Letter of the Day | Tribal civil servants have sabotaged Gov't
THE EDITOR, Sir:
I wish to respond to the letter submitted by Sanaya Brown titled 'Jobs for Labourites left, right and centre', which was published in your newspaper on Friday, June 8, 2018. Ms Brown complained that Labourites were unfairly being given jobs in the public sector.
First, I must say that our politicians are creatures of the society in which they govern, and the people will get the leader they deserve. I think it is atrocious that personnel are changed when governments are voted out, but we, the people, are partly to blame, as we are too damn tribalised.
When the government changed hands in 2007, the then prime minister, Bruce Golding, stated that he would not get rid of persons in the civil service if they were doing their job. What a colossal mistake that turned out to be!
We all know what happened. Political hacks in the service deliberately sabotaged the administration by intentionally delaying projects and withholding service in any way they could. As a civil servant, I saw this first-hand. I had never experienced anything like it before, as it was my first time witnessing a change in government while working in the public sector.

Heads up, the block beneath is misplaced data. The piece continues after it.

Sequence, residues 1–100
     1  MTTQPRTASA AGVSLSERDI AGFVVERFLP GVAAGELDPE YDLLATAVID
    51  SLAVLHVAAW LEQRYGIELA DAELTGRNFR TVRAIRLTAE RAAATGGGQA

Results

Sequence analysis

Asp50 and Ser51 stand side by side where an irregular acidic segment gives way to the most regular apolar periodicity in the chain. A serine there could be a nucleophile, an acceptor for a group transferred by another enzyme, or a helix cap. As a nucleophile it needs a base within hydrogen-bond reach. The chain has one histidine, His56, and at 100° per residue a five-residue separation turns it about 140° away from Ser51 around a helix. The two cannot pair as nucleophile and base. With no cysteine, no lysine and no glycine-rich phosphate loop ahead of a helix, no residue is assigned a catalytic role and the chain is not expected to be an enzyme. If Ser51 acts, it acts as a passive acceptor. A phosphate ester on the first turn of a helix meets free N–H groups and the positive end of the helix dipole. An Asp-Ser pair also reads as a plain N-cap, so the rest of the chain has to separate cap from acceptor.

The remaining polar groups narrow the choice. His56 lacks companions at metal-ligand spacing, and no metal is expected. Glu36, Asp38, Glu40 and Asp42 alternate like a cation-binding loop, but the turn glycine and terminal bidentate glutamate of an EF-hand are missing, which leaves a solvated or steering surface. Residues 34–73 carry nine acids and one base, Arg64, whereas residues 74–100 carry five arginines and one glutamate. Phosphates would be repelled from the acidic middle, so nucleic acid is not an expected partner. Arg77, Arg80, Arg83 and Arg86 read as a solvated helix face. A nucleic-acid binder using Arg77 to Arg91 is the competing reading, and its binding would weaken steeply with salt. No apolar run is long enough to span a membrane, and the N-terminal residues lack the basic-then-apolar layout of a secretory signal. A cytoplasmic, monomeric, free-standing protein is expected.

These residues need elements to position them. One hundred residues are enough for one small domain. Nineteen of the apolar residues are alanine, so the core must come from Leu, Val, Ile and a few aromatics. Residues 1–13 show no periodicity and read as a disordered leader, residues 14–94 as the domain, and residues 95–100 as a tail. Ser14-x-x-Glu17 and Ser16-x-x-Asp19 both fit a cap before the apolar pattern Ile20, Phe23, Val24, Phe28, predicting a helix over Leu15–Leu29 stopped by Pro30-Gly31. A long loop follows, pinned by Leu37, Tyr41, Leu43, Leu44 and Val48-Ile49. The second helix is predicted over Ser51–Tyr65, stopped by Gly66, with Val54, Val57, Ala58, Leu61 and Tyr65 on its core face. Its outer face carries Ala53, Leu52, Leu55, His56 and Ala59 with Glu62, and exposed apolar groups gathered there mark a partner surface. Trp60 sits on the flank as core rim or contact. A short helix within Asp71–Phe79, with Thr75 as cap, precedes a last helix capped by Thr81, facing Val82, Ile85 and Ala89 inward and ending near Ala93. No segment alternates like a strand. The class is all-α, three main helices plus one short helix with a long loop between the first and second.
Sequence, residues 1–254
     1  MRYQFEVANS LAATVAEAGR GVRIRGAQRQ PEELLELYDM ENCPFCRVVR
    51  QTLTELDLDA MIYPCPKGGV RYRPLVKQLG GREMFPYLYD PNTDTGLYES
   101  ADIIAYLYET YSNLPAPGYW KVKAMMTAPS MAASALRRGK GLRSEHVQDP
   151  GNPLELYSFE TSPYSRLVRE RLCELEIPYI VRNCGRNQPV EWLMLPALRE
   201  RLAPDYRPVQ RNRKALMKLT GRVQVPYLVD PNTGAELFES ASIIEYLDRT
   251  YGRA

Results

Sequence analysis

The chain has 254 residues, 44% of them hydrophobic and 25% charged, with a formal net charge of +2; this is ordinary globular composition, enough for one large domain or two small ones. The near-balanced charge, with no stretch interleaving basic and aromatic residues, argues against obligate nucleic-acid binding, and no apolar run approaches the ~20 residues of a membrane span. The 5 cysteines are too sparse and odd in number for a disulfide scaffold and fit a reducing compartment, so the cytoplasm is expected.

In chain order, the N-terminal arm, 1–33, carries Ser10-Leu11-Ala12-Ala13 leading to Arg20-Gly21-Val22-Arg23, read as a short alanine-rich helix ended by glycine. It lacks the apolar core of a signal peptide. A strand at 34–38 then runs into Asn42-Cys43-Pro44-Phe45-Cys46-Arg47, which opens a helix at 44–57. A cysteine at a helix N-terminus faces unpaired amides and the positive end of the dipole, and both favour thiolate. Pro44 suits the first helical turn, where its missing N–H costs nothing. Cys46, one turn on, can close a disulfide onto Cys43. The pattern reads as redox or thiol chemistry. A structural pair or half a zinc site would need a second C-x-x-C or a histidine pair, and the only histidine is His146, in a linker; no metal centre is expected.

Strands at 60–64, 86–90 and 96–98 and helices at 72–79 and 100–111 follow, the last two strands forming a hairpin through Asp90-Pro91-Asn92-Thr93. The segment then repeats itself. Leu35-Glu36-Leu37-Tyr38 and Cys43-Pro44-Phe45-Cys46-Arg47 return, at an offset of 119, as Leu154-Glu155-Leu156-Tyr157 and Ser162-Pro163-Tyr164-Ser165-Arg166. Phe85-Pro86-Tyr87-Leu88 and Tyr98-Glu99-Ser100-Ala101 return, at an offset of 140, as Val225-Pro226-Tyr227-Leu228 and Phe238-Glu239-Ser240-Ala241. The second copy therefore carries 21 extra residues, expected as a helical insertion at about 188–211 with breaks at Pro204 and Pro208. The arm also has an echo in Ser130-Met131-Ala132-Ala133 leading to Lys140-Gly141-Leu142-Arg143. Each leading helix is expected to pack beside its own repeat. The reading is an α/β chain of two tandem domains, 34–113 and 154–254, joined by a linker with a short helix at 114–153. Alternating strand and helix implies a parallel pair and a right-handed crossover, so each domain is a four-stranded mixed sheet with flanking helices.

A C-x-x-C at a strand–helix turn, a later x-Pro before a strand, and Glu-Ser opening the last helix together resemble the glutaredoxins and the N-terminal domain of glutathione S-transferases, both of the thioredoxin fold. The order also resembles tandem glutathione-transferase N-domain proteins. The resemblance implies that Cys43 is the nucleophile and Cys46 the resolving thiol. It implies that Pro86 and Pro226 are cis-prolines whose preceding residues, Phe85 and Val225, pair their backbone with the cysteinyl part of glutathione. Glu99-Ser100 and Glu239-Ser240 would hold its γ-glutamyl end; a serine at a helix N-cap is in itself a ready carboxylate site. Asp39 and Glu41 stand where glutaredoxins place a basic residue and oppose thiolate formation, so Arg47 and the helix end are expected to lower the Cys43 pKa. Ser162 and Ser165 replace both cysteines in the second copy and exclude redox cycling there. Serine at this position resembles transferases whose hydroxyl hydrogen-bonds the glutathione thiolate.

At my current workplace, our erstwhile head was clearly for the previous administration, as decisions were made that reflected that leaning. As employees, we were not surprised when the current administration came to power and did not renew the contract of this outgoing head. So fearful and untrusting the new government was of us employees, that though there were capable individuals within the organisation to take over the leadership, such persons were overlooked for someone who was not only partisan, but quite inept.
JUST AS GUILTY
Every day I think to myself, if the public only knew what was going on in this organisation right now. It is only because of the expertise of persons under the leadership of this new head why there isn't chaos currently.
The JLP would only be foolish to keep persons, even if they are capable, who have proven to be hell-bent on sabotage. If we are going to point fingers at politicians for being tribalised, we must also take the plank out of our own eyes, especially among those who work in the civil service.
As a civil servant, I am disgusted at the behaviour of some of my fellow colleagues. Politicians behave the way they do, in large part, because we, the people, have been enablers. If Jamaicans can be so tribalised that we are willing to put party above country, self, our jobs and our children, we should not complain when we get a certain outcome.